Sunday, 29 July 2012

Wedding crossword

Well folks, I'm officially married. Won't go into detail here about all the ins and outs of the day, but figured I could share the crossword I made for the occasion. Go ahead and save, print, try (or simply ignore) it. 

We handed out a printed version to all the guests before dinnerIt was fun to watch people scratching their heads over some of the more obfuscating clues; it meant they were interested in solving it. The trick in designing the thing was to make something relevant but doable for the more distant acquaintances (i.e. not have too many inside references). Interlocking is hard. Lots of wedding-related clues/answers, naturally. Had to bite my tongue not to include more than one mention of something running-related (see 57-Down). 

Tuesday, 24 July 2012

Post Tely race-mortem

I'll say this much: Waking up for a race at 5:30 in the morning makes for a long day. In short, the Tely 10 race went reasonably well. More on that later. The day after racing I went for a hike along the East Coast Trail, from Cape Spear to Maddox Cove, (then into Petty Harbour and finally into the Goulds). That walk put me over the edge. I'm officially tired. And tonight is a bachelor party of sorts, so I'm avoiding excess leg movement; it's 2 pm and I haven't left the house. That gives my time to write out some memories before they fade.

Let me review the Tely 10 race, both from a personal point of view and more objectively speaking.

Friday, 20 July 2012

Tely 10, round six

Quick personal update: along with getting married next Friday the 27th in St John's Newfoundland, I'm running the Tely 10 on Sunday for the sixth consecutive year. This year will be different, however, as my family will watch me finish. And all of whom are most definitely out of towners.

Different, yet the same story every year it seems, is the record number of racers. 2012 looks to be topping 3600 entries. Last year just under 3,000 even finished the race. I'm glad there's so much involvement, though I doubt Paul McCloy's 47-minute record will fall. A few months ago I wrote a piece about the Tely showing that more runners does not necessarily mean faster runners. But I am glad  this year will be attracting its fair share of competitive guys. Most conspicuously is Matt Loiselle, who will likely win this year's race. His times are hard to beat, usually finishing top three Canadian in big races (often behind Reid Coosaet or Eric Gillis). I might not make it near the podium if more come out of the woodwork. Who knows. I prefer to do some homework (to know of potential winners) but I won't be overly concerned about the who's who of the Tely. It's a 10 mile race after all, not a 1500m. I need to find my own pace then maybe latch on to someone else's if the winds pick up. The rest is beyond my control.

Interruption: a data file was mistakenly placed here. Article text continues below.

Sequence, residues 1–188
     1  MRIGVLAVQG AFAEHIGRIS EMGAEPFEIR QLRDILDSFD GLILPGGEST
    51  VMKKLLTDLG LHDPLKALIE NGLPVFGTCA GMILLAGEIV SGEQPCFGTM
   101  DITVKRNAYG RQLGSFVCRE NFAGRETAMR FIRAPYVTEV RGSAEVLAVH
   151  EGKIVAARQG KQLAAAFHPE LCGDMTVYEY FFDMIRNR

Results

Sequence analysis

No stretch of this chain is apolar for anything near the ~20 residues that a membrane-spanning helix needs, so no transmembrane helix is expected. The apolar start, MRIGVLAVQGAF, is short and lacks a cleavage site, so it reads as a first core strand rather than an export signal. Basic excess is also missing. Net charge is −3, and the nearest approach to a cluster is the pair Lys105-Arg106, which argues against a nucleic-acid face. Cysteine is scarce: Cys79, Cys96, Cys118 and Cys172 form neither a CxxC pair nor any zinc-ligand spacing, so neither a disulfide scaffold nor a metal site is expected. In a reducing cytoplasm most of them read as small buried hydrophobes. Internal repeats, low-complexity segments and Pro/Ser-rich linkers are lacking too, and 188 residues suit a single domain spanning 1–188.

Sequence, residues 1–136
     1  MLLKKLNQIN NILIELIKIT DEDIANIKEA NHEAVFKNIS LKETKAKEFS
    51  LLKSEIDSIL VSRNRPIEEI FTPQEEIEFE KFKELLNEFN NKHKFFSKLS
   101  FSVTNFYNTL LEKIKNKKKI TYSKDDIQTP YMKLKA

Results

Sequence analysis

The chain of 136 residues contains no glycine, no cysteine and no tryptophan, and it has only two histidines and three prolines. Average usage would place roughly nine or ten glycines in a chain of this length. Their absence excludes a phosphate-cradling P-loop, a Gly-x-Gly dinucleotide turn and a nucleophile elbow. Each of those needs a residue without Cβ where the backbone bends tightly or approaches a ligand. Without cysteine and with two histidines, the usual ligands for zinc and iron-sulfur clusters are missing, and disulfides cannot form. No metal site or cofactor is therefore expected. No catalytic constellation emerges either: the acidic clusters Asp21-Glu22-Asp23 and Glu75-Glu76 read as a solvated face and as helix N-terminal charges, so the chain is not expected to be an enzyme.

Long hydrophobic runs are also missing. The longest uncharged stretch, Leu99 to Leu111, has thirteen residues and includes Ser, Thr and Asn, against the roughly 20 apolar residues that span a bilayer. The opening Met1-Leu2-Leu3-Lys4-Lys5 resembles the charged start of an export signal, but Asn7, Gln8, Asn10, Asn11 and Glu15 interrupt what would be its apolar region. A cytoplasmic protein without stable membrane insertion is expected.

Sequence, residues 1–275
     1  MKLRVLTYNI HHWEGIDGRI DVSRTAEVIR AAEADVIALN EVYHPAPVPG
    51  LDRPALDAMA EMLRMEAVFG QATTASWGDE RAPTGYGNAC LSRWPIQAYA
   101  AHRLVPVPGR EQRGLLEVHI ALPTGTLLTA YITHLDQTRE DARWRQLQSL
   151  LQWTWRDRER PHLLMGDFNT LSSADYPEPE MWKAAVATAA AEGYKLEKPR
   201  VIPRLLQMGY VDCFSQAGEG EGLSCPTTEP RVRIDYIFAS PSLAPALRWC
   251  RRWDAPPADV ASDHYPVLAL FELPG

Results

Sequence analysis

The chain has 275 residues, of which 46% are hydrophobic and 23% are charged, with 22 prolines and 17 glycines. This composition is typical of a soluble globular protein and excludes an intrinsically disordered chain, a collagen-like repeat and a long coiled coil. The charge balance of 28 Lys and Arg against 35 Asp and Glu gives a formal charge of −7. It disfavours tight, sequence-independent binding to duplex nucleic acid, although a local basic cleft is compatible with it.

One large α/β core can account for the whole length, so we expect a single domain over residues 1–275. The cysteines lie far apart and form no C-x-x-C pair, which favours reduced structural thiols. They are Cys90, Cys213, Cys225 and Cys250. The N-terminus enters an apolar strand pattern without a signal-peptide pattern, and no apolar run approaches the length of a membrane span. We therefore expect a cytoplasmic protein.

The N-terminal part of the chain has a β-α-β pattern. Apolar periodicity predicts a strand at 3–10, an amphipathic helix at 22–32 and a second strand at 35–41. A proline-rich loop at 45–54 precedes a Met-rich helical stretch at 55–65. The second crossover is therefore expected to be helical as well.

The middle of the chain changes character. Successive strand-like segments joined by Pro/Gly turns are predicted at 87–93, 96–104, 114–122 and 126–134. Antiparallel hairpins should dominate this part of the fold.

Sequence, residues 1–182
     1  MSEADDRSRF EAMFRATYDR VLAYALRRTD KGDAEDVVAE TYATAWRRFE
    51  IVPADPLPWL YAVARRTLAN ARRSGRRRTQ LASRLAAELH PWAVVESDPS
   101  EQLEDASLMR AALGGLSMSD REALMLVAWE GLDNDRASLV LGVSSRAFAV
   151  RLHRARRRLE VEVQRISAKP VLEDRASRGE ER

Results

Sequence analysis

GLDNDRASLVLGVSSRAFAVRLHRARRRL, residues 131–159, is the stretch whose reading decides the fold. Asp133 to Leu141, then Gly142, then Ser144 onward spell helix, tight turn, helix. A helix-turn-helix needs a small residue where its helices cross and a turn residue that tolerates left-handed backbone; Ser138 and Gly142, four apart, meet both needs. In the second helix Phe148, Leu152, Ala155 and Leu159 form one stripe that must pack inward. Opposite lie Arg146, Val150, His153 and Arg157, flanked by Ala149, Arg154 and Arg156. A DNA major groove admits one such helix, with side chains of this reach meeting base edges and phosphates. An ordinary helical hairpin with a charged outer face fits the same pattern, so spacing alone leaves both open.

Sunday, 15 July 2012

Chi running and beyond: efficiency

I went to a short seminar hosted by the Halifax Running Club on Chi Running. I'm sceptical at heart, and running 'techniques' don't intrinsically sound appealing to me. But I have a rule: I don't criticize something until I've tried it first hand. In the past that has included limiting food intake, manipulating stride tempo and breathing rhythms, taking painkillers, barefoot running, and too many others to start about here. I've only heard by second-hand means what it mean to be a "Chi" runner. My ignorance, my problem.

Tuesday, 10 July 2012

Empty Olympic dreams, redux

I posted this piece a few months back regarding how tired I was of the Olympics. It was based off a post from the Globe and Mail piece that I'll repeat here:
The history of the Olympics is a history of failures. Every four years, one city is confronted with the world’s largest sporting event, and usually at least one thing goes terribly wrong: Debt, crowding, security threats or bad public image have sent most Olympiads deep into the bronze....
The Australians expected 132,000 visitors for the 2000 Games, and then received only 97,000 tourists during the entire period. That was better than Athens, where organizers expected 105,000 tourists per night and received only 14,000.
But the real troubles in Sydney began after the Games. Australian officials had expected that the Olympics would boost the Sydney “brand,” and overall tourism would nearly quadruple to eight or 10 million people per year in the years after the Olympics. In fact, there was no boost at all: Tourism in Sydney has stayed steady, at about 2.5 million visitors a year even as tourist numbers have risen sharply across the rest of the region.
I compared the end of an Olympic Games to the aftermath of a Gatsby party: all glitz and no memory (coming a theatre near you!).  Not to sound prophetic or anything, but here's a new article from NPR surveys over the remnants Beijing's Bird's Nest.